- Special Olympics is endorsed and supported by the National Governing Bodies of the sports which it offers, and competitions are conducted according to the rules of those bodies, with appropriate adaptations. These rules are in the Official Special Olympics Summer and Winter Rules books.
Photography Release Statement:
No athlete may compete in any Special Olympics event without having a signed parent/guardian release statement on file with Special Olympics. The statement grants permission for Special Olympics and the media to use the athlete’s name, likeness, voice and words in television, radio, films, newspapers, magazines, and other media for the purpose of promoting and publicizing Special Olympics, educating the public about Special Olympics and raising funds for Special Olympics.
Words matter. Words can open doors to cultivate the understanding and respect that enable people with disabilities to lead fuller, more independent lives. Words can also create barriers or stereotypes that are not only demeaning to people with disabilities, but also rob them of their individuality. The following language guidelines have been developed by experts for use by anyone writing or speaking about people with intellectual disabilities to ensure that all people are portrayed with individuality and dignity.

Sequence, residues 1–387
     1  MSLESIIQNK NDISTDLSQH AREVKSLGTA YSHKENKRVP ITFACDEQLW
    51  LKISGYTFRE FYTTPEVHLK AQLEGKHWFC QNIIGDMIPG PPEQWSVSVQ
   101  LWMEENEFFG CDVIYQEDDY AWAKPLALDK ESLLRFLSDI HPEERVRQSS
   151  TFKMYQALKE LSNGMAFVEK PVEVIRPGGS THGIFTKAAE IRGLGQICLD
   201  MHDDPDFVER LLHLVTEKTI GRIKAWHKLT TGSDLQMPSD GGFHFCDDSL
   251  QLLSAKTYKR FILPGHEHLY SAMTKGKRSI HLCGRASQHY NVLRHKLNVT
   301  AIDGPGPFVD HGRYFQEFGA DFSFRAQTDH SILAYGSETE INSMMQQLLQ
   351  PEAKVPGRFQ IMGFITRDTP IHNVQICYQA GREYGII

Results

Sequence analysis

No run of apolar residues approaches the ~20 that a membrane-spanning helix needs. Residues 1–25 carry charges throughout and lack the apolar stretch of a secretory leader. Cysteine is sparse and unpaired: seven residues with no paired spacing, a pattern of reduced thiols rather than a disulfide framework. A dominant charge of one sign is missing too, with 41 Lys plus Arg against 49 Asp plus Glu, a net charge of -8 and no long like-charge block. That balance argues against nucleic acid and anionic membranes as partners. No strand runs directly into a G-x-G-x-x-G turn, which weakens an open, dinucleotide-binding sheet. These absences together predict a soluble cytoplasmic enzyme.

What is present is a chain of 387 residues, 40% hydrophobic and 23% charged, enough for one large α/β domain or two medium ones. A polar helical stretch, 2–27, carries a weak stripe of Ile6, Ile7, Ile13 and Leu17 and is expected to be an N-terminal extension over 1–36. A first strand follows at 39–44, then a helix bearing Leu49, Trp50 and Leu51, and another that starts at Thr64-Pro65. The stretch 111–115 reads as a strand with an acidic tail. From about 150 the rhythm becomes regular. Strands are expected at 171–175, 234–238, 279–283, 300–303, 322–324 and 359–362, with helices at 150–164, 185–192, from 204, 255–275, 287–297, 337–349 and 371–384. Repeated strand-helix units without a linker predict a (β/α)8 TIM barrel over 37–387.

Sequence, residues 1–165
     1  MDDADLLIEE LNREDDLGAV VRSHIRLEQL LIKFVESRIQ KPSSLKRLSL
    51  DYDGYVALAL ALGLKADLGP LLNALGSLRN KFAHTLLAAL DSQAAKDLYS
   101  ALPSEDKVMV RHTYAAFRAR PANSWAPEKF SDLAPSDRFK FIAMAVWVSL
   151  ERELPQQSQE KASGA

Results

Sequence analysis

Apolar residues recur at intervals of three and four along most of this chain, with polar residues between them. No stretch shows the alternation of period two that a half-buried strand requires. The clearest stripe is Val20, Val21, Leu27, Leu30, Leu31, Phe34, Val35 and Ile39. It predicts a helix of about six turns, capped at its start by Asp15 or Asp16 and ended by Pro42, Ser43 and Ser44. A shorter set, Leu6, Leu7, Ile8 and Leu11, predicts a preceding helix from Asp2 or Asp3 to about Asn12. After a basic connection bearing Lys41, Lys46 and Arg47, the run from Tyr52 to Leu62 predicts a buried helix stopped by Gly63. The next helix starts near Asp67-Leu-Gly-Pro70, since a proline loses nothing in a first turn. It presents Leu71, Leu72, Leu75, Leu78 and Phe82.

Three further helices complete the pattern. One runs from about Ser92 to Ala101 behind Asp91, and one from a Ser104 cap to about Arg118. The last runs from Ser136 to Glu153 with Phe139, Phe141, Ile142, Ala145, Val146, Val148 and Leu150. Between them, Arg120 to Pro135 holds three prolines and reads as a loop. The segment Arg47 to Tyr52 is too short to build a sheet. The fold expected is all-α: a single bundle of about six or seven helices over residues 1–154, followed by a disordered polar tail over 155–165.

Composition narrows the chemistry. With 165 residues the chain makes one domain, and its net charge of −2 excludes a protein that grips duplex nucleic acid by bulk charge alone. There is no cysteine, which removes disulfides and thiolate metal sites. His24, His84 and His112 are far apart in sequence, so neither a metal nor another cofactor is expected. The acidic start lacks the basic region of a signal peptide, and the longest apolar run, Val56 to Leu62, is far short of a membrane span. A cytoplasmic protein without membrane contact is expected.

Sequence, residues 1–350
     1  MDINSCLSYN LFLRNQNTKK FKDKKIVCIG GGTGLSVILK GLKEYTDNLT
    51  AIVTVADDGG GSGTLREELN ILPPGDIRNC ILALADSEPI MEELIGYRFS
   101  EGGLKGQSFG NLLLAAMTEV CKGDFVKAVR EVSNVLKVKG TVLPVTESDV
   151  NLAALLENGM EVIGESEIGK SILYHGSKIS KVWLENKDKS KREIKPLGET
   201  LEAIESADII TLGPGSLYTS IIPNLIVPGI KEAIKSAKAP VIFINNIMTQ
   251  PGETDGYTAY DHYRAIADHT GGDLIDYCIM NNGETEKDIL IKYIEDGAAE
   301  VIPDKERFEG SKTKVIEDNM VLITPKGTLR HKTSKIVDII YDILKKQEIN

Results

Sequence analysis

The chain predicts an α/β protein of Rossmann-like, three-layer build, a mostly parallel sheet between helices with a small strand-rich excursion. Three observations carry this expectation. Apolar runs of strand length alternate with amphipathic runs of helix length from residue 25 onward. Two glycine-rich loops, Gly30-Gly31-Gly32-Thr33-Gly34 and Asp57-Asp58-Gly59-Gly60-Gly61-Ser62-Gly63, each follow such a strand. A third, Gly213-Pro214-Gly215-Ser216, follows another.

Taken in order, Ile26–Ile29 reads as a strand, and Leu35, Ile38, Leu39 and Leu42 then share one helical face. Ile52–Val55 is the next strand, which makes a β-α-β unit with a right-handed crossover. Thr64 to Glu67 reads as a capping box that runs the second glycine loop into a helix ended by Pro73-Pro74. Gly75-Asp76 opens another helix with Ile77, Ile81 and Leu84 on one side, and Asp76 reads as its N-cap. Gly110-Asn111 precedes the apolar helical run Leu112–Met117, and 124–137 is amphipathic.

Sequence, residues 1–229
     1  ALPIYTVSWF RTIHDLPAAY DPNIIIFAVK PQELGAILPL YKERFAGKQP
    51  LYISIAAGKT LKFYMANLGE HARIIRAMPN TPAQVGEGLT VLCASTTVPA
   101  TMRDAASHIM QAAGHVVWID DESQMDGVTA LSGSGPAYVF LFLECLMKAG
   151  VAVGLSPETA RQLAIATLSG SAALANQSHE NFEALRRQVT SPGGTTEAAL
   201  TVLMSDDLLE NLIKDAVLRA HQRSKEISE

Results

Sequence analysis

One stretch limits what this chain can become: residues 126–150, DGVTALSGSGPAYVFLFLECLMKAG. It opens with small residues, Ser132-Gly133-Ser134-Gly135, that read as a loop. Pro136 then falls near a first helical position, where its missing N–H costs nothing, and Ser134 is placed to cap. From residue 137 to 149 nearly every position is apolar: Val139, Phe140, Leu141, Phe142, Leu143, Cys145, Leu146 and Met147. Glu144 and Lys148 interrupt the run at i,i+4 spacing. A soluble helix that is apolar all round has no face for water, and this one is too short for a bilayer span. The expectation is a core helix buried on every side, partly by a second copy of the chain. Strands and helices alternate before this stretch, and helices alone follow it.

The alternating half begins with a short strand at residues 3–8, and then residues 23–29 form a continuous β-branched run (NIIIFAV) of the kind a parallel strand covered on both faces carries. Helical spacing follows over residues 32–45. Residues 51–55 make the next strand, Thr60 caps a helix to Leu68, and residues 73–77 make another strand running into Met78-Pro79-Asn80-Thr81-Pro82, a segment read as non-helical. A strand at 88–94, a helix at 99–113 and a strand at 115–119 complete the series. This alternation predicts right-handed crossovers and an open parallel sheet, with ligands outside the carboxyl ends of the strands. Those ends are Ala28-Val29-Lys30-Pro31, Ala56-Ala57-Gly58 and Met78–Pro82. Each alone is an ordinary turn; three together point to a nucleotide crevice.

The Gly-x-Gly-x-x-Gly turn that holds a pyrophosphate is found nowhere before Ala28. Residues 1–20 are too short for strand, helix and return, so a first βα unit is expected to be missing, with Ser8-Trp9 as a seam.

Special Olympics prefers to focus on people and their gifts and accomplishments, and to dispel negative attitudes and stereotypes. As language has evolved, Special Olympics has updated its official terminology to use standard terminology that is more acceptable to our athletes. We use “people-first language” - example: refer to people with intellectual disabilities, rather than “intellectually disabled people”. See more tips below.
- Refer to participants in Special Olympics as “Special Olympics athletes” rather than “Special Olympians” or “Special Olympic athletes.”
- Refer to individuals, persons or people with intellectual disabilities, rather than “intellectually disabled people” or “the intellectually disabled.”